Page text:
How brands can target the female consumer to get them on side

The impact Instagram posts have on body image and the media sexually exploiting women have both been newsworthy topics over the past year. This could be attributable to campaigns such as #MeToo, the rise of the influencer and their dominating effect on young girls or the increase in mental health problems holding social media and unrealistic imagery accountable.

As our female generations grow up and pave the way, society around us has modernised and changed thoughts that never before used to question the way in which women behave or people behave towards us. This has had a direct effect on brands, specifically those in the fashion industry, and how effective their campaigns are at converting females into consumers.

For my MSc in marketing and communications, I researched into what women want to look at and what they don’t when being targeted by a brands advertising campaign and both sexuality and Instagram has a lot of influence.


  1. Present a lifestyle, a story – show women adverts that have relatable scenarios, like having fun with friends, so they can see how your product can fit in to their life.  Online fashion brands are getting great at this!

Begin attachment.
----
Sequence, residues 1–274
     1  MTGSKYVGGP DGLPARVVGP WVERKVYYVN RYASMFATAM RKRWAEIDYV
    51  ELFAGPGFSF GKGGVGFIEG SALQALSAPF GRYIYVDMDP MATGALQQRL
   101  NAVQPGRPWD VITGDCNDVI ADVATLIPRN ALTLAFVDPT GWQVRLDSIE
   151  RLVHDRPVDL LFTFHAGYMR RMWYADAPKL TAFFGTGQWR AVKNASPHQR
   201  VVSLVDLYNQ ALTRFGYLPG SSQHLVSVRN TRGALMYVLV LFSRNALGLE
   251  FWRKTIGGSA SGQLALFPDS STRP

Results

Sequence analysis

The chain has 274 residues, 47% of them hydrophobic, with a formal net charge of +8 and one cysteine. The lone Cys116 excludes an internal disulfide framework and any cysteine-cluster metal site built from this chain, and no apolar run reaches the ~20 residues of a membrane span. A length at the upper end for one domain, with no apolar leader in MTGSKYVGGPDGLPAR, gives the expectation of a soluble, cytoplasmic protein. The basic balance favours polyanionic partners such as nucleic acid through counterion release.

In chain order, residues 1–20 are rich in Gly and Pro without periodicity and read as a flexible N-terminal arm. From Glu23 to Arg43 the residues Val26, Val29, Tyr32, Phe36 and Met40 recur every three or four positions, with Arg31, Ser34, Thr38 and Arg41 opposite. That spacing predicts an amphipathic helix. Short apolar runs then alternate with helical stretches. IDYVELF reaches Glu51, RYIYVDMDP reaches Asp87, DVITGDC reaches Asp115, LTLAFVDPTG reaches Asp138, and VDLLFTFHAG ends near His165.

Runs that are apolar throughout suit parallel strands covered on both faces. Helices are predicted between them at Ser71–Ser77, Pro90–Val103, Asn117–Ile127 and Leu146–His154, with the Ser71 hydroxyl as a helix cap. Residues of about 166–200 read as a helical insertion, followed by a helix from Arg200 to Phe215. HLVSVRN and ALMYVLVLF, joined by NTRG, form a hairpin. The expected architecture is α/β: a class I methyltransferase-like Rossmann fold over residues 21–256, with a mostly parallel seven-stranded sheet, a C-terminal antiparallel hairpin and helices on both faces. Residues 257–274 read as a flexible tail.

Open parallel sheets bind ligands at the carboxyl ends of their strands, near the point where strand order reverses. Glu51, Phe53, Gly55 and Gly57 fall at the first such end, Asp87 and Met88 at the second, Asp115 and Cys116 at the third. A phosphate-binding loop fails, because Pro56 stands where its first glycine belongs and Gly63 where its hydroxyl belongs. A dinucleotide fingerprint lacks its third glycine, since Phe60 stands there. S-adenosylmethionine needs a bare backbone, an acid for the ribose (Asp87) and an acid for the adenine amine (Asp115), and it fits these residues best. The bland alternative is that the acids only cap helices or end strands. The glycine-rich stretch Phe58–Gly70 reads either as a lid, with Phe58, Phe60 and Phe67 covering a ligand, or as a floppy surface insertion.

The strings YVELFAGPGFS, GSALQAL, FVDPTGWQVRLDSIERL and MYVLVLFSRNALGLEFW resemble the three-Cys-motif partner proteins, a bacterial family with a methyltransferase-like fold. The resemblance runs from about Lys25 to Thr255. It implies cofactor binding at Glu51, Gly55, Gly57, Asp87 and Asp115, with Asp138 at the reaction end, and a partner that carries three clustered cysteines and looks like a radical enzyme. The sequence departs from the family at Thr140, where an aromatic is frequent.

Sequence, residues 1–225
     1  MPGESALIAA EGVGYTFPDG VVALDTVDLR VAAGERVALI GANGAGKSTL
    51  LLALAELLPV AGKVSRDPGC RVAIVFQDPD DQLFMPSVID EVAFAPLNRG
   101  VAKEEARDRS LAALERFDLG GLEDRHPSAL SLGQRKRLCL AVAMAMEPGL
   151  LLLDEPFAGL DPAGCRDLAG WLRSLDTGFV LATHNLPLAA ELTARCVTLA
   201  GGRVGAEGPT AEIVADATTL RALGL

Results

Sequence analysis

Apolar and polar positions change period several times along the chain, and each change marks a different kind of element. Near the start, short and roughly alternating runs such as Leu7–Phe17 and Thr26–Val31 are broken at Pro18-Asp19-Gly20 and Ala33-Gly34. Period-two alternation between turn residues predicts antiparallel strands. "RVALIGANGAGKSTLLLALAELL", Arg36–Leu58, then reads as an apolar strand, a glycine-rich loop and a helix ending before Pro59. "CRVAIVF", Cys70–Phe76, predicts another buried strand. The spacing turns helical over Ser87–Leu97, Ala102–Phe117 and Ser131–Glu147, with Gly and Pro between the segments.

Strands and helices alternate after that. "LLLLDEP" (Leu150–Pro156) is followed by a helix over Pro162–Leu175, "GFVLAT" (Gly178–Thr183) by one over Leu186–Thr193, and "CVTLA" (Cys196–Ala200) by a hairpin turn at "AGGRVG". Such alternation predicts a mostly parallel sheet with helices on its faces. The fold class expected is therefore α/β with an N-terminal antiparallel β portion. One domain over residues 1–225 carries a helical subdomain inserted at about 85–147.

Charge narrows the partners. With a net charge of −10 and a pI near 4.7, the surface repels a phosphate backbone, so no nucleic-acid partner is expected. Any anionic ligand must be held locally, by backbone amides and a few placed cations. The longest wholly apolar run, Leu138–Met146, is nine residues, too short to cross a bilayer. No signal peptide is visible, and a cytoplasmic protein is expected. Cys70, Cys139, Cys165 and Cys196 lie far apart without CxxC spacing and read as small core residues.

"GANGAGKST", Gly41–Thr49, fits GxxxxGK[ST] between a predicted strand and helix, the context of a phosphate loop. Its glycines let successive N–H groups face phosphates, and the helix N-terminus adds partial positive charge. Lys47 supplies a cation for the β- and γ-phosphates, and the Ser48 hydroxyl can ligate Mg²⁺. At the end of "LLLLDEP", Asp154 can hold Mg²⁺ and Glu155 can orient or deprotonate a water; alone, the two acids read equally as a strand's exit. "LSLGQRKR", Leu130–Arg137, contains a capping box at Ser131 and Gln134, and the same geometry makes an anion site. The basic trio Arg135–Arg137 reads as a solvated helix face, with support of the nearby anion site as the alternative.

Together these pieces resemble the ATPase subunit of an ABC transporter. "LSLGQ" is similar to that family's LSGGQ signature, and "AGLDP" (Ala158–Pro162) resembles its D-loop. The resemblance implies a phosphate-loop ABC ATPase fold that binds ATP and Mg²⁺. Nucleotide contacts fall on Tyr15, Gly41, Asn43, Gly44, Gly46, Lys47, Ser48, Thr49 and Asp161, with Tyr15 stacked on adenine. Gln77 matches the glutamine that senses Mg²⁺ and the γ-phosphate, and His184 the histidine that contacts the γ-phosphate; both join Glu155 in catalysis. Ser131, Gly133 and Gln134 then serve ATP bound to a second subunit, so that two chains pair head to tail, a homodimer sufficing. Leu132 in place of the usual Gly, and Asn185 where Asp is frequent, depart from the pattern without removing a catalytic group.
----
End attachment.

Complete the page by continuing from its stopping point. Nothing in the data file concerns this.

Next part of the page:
2. Be more inclusive and think about your audience – women want to be presented in all shapes and sizes, colours and religions.
  3. Empower women and let them take control of their identity. We don’t need male desires dominating the way we should be portrayed in adverts.
  4. Do use influencers to endorse your brand but use guidelines so they promote your product ethically.


  1. Women are BORED of being sexualised and gender stereotyped for the male gaze – we aren’t domesticated, we aren’t sexually available and we certainly aren’t erratic so why are we still being presented like it.
  2. Don’t pay for an influencer to promote your brand if they are going to post a perfect, photo-shopped picture– women don’t respond well to unrealistic imagery.
  3. Don’t exploit young girls – research suggests that what teenagers see on social media contributes towards mental health problems because they feel they need to act the same way as their peers or celebrities to be popular. What message is your brand sending to the younger generation?